Viewport width =
May 4, 2009 | by  | in Opinion |
Share on FacebookShare on Google+Pin on PinterestTweet about this on Twitter

Men are from Mars; Women etc etc

science

A few years ago, I was reading a map, navigating through the side streets and alleys of Seville, in search of a place to stay that wouldn’t break my €15/night accommodation budget, and I thought “hey I’m not supposed to be able to do this! Women can’t read maps!”. I started to think about what super map-reading abilities men must have that I might lack, before realised how stupid that was. Maybe you’ve had a similar experience – perhaps you’re a man, who has comforted a friend but thought you probably didn’t do it very well because, as everyone knows, men just aren’t that empathetic.

It seems that as a society we are obsessed with the differences between the genders – studies showing that men are more likely to X, while women are more likely to Y are as headline grabbing as those “drinking tea prevents cancer!” and “drinking tea causes cancer!” ones.

Let’s take our cue from the newspapers and ignore for the moment the fact that not all people can be comfortably allocated into the ‘woman’ group or the ‘man’ group. The way in which studies showing gender-differences are interpreted and discussed in the popular media is often anything but scientific.

What a lot of these newspaper reports fail to highlight is that these type of studies show differences between genders as groups – not individuals.

To illustrate what I mean, think of the statement “men are taller than women”. Does it ring true to you? Of course, what it means is that as a group, or, on average, men are taller than women. You probably know men that are shorter than many women, and women that are taller than many men. If you lined the world’s population up by height, there wouldn’t be a stark separation between men and women, but a mix of men and women in the line, with more men towards the tall end of the line, and more women towards the short end. There is variation in height within the genders, as well as between the genders.

This might all seem rather obvious to you, but there are three important points here: the first is that given a man and a woman at random, you cannot say with certainty that the man is taller than the woman. The second is that the attribute ‘height’ is a continuous one rather than a discrete all or nothing. The third is that given a person at random, you cannot, with certainty, label that person ‘short’ or ‘tall’ based solely on the person’s gender.

With regards to the first point, you might think I’m being a bit pedantic – given a man and a woman, if you have no other information, it would be a good strategy to bet that the man is taller than the woman. However, when it comes to the way that people think and behave, between-group differences are usually much smaller than between-group differences for physical attributes like height, and the between-group difference for a given behavioural trait is usually eclipsed by the within-group difference. Which means that, although on average, women might score more highly on some ‘empathy’ scale, that does not mean that given a random woman and a random man, the woman is more empathetic than the man – and she’s probably far less likely to be more empathetic than the man is likely to be taller than her.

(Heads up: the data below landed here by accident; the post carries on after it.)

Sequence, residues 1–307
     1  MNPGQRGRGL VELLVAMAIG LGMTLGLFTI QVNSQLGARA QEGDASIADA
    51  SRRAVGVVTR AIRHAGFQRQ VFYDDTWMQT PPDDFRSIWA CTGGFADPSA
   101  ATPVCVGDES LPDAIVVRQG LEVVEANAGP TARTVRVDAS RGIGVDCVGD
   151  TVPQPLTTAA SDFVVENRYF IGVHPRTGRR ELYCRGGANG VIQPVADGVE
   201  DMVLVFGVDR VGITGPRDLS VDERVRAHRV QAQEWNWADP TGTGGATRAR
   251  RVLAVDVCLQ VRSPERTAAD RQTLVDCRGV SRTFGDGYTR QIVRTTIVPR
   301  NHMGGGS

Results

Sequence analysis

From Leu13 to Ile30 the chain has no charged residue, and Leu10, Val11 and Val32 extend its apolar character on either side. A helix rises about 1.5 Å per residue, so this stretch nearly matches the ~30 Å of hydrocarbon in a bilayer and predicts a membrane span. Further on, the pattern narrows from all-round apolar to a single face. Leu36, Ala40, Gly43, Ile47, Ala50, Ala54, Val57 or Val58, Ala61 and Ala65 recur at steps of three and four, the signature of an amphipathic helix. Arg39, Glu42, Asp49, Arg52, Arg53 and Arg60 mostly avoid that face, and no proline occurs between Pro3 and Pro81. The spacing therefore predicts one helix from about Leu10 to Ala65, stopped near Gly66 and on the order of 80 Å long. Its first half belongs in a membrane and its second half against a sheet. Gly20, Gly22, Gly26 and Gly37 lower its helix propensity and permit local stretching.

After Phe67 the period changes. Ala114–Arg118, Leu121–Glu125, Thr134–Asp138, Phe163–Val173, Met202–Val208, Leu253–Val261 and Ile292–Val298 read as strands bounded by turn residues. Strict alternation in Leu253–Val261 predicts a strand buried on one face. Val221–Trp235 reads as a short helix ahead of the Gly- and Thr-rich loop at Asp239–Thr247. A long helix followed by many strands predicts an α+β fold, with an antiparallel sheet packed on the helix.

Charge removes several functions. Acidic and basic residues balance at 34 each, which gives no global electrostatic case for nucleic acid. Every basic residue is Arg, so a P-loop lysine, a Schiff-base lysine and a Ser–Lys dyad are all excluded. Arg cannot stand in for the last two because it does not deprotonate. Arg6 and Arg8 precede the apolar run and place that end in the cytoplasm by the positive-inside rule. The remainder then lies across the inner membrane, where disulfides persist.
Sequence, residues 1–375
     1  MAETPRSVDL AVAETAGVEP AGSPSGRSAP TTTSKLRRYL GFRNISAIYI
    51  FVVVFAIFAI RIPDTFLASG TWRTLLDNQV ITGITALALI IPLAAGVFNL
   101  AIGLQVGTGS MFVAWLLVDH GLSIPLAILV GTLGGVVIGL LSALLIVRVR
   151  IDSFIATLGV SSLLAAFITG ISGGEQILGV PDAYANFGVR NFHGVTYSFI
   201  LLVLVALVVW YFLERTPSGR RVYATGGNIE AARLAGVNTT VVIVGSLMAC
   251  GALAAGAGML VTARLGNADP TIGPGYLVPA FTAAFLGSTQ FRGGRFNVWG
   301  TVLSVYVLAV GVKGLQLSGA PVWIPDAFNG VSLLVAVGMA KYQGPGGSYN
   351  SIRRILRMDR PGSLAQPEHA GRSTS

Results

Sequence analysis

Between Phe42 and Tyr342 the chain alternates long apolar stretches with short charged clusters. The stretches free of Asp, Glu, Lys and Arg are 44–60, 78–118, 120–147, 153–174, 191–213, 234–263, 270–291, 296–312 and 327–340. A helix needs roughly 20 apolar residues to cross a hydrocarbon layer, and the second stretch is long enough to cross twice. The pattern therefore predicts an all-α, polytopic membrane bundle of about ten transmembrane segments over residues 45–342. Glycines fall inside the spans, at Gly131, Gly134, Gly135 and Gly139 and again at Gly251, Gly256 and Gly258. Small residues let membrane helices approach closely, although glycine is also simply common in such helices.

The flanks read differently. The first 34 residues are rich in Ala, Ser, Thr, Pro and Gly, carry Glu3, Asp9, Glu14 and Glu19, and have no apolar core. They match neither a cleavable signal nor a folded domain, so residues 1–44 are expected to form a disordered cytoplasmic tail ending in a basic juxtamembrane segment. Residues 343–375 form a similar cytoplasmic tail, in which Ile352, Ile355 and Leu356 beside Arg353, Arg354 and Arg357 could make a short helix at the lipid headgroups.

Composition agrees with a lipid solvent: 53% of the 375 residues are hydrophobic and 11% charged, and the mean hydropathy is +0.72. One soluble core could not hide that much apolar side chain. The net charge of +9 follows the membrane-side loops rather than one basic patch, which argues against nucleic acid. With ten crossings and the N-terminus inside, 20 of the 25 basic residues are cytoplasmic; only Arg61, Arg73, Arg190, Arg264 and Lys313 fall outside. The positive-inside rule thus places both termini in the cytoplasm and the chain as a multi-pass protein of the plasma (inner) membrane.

The second and third points provide us with a good reminder that just because you hear that men are better at reading maps than woman, doesn’t mean that if you’re a woman you should relinquish map-reading duties to a man, and doesn’t mean that if you’re a man you should let her.

Another important question that rarely gets a mention in the “women can’t do math and men are incapable of feeling!” type of article is how much these differences can be explained by biology, and how much can be explained by social and environmental factors (and what sort of influence these factors have on each other). A woman’s preference for pink might say something about how well she conforms to social expectations, but doesn’t offer evidence for some sort of inherent preference for the colour written into her biology. It is worth noting that only a century ago baby boys’ nurseries were painted pink, and girls’ blue, because pink was regarded as a stronger, masculine colour.

Why are we so obsessed with the differences between men and women? After all, we’re the same species and far more similar to each other than we are different. Psychologists and cognitive scientists have studied our tendency to organise the objects of the world into categories, to develop beliefs about the attributes of the members of the categories, and to seek confirmation for those beliefs while ignoring or minimising information that contradicts these beliefs.

As usual, a bit of knowledge brings us enlightenment. Back in those windy alleys of Seville I shook myself out of my ‘women can’t do this’ self-doubt and found a suitably crappy hostel for the night. So don’t give up on your dreams because of what some newspaper report says you can’t do – and you too will find your own cheap and crappy accommodation for less than €15 a night.

Share on FacebookShare on Google+Pin on PinterestTweet about this on Twitter

About the Author ()

Comments are closed.

Recent posts

  1. An (im)possible dream: Living Wage for Vic Books
  2. Salient and VUW tussle over Official Information Act requests
  3. One Ocean
  4. Orphanage voluntourism a harmful exercise
  5. Interview with Grayson Gilmour
  6. Political Round Up
  7. A Town Like Alice — Nevil Shute
  8. Presidential Address
  9. Do You Ever Feel Like a Plastic Bag?
  10. Sport
1

Editor's Pick

In Which a Boy Leaves

: - SPONSORED - I’ve always been a fairly lucky kid. I essentially lucked out at birth, being born white, male, heterosexual, to a well off family. My life was never going to be particularly hard. And so my tale begins, with another stroke of sheer luck. After my girlfriend sugge